"Yesteryear" (© David Bailey)

I started to take photos. As a ‘newbie’ I had no idea on how to get a good shot, in a small dark shed, with a massive steam train taking up most of it. I tried the KISS approach, but it didn’t really give the atmosphere of old. So I just took some very wide shots. When I got home, this shot, stood out so I used preset antique light and moved some of the mixer scales in Light Room to give the appearance that it was an older photo. This was done by trial and error. No cropping or straightening was done, which I was kind of proud of.

Thanks for this back-story too David. It shows that you really thought about your photo. Not only on how to shoot it, but the logistics around not making yourself look too much like a pro, which was perhaps important to keep the volunteers relaxed. It also takes a lot of courage to ask people if you can take photographs, so well done on getting over that obstacle too. On the photograph itself, I really like the way you cropped off the top of the train, and the right side of the train, along the left and bottom of the image. This may not have been a conscious decision, but many beginners would be tempted to try and include the entire train, and I think that would have detracted from this image. To me, this shot is all about the power of this resting machine, letting off just a little bit of steam, as if it is almost breathing.

With almost as much visual weight as the steam engine though, is the man walking up alongside it in the distance. He’s not in focus probably just outside of your depth-of-field at 24mm with an aperture of F4, but this also adds to the feel of the image, and then the fact that you topped it off with an antique sepia tone is just classical. I also really like the lighting, with the light from that old window to the left of the image and the blown out electric lights inside the shed also adding a really nice touch. Congratulations on fourth place with this incredible image David, and I’m looking forward to your future entries too.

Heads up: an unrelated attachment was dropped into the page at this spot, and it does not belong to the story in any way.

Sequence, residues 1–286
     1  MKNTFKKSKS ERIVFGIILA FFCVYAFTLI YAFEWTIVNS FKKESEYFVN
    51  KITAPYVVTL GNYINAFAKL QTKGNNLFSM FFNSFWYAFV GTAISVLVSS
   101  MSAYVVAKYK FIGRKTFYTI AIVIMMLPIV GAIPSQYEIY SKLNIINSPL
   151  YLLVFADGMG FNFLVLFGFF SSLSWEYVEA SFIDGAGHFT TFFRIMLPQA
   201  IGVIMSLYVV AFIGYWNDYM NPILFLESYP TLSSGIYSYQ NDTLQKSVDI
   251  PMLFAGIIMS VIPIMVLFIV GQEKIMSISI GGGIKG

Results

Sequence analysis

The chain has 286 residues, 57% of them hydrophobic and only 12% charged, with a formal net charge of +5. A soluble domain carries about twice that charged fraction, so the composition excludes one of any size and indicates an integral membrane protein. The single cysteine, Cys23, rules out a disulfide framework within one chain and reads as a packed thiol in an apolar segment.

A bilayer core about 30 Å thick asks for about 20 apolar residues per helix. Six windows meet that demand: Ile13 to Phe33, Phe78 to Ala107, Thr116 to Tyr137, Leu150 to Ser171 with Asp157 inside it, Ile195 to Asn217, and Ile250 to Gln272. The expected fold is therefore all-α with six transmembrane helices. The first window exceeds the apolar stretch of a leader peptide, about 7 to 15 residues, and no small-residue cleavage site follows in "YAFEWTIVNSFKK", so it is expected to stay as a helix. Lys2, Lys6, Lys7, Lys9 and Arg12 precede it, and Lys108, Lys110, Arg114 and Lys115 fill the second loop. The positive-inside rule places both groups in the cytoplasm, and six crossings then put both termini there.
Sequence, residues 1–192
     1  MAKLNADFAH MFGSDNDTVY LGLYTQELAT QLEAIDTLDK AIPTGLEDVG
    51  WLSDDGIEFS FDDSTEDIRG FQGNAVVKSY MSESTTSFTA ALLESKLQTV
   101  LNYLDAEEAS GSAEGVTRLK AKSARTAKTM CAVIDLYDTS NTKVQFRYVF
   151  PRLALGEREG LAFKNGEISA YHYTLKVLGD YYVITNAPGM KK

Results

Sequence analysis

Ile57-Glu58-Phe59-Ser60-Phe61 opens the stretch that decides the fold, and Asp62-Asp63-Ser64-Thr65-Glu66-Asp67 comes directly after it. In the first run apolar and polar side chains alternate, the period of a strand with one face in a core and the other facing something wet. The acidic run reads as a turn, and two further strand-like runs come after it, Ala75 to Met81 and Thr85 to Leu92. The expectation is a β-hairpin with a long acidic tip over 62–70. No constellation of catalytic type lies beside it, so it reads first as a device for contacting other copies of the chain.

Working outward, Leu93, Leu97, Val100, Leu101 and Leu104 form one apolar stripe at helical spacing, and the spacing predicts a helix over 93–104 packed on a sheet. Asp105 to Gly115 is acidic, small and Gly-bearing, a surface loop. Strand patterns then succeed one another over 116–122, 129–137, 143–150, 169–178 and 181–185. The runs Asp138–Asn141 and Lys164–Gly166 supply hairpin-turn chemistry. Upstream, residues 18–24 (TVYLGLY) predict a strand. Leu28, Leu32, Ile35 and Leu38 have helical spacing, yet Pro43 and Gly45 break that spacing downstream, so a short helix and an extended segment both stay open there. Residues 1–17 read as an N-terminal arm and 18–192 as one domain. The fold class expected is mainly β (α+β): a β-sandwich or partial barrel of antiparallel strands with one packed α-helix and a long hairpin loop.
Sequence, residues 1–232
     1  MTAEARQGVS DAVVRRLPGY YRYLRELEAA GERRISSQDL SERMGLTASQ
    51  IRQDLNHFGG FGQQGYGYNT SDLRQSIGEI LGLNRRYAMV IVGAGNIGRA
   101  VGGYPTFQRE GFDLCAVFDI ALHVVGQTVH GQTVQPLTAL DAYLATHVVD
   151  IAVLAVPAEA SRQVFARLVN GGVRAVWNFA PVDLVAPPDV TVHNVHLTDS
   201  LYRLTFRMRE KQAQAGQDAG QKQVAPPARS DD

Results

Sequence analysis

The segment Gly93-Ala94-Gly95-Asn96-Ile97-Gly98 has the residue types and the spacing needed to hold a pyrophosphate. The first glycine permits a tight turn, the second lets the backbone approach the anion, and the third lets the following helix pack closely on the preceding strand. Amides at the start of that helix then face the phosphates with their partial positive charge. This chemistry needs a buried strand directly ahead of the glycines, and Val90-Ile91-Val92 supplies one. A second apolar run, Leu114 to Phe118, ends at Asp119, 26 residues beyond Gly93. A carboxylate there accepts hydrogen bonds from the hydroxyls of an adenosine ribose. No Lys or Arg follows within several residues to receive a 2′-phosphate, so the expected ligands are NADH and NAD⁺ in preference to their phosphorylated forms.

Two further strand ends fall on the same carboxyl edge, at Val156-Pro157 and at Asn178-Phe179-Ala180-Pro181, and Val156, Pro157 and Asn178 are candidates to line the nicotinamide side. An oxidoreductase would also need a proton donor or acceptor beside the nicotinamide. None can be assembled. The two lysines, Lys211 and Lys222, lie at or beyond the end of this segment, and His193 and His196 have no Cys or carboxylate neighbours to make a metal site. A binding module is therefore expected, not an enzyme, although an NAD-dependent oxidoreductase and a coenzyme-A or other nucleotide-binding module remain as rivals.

Next up, in joint second place is Marcus Perkins’ with his image “Spare any…?”, and here’s Marcus’ back-story.

Once again I found myself thinking of many different photos to get my entry for this month. My first instinct was money and had decided that coins bouncing on a hard surface would be the way to go. I set up two Nikon flashguns and used the AutoFP setting to allow unlimited sync speeds. I tried various combinations but could not get the look that I was happy with. I then moved on to money dropping into a hand and from there to the hand of a tramp.

I decided that I would play the part of the tramp as rocking up to a homeless person with a handful of foreign coins and a bag full of expensive equipment was not such a good idea. I used shoe polish to blacken my hand and nails. The fingerless glove came from an old climbing sock with the end cut off. I wore an old coat and had a can of lager with me for the authentic look and medicinal purposes!

"Spare any...?" (© Marcus Perkins)

The shots were taken outside the backdoor as I wanted a brick wall as the background. I positioned an SB800 overhead and SB600 pointing directly into a large reflector that I was sat on. This provided the fill lighting under the hand. I then shot many frames with the camera mounted on a tripod and using a remote. The focusing was tricky here as I was pre-focusing with a narrow depth of field. Even in the final shot I would have preferred a bit more depth of field.

In hindsight I should have used Lightroom’s tethered shooting option here so I could review the shots on the fly. I used Lightroom to make my post adjustments with a closer crop and an increase in contrast amongst some other tweaks.

This is a great shot Marcus! Thanks for taking the time to put this together and get it posted. On first glance, this could have easily been a very predictable shot for this assignment, but you did such a good job of the execution, it really shone within the group. I think the bottom lighting is classic. It gives it a kind of surreal feel, but starts me thinking that this person might be sitting outside of a shop, with light from a show window somehow coming into the scene from a low angle. The can of larger also adds a nice touch, and although it’s not immediately obvious, the shoe polish to blacken the fingers and nails is also a very nice touch, as is the foreign money. These things all add an air of mystery to the shot that would not have been there otherwise. The final tweaks in Lightroom really polished this off nicely. Congratulations on a very well earned second place Marcus. Great work!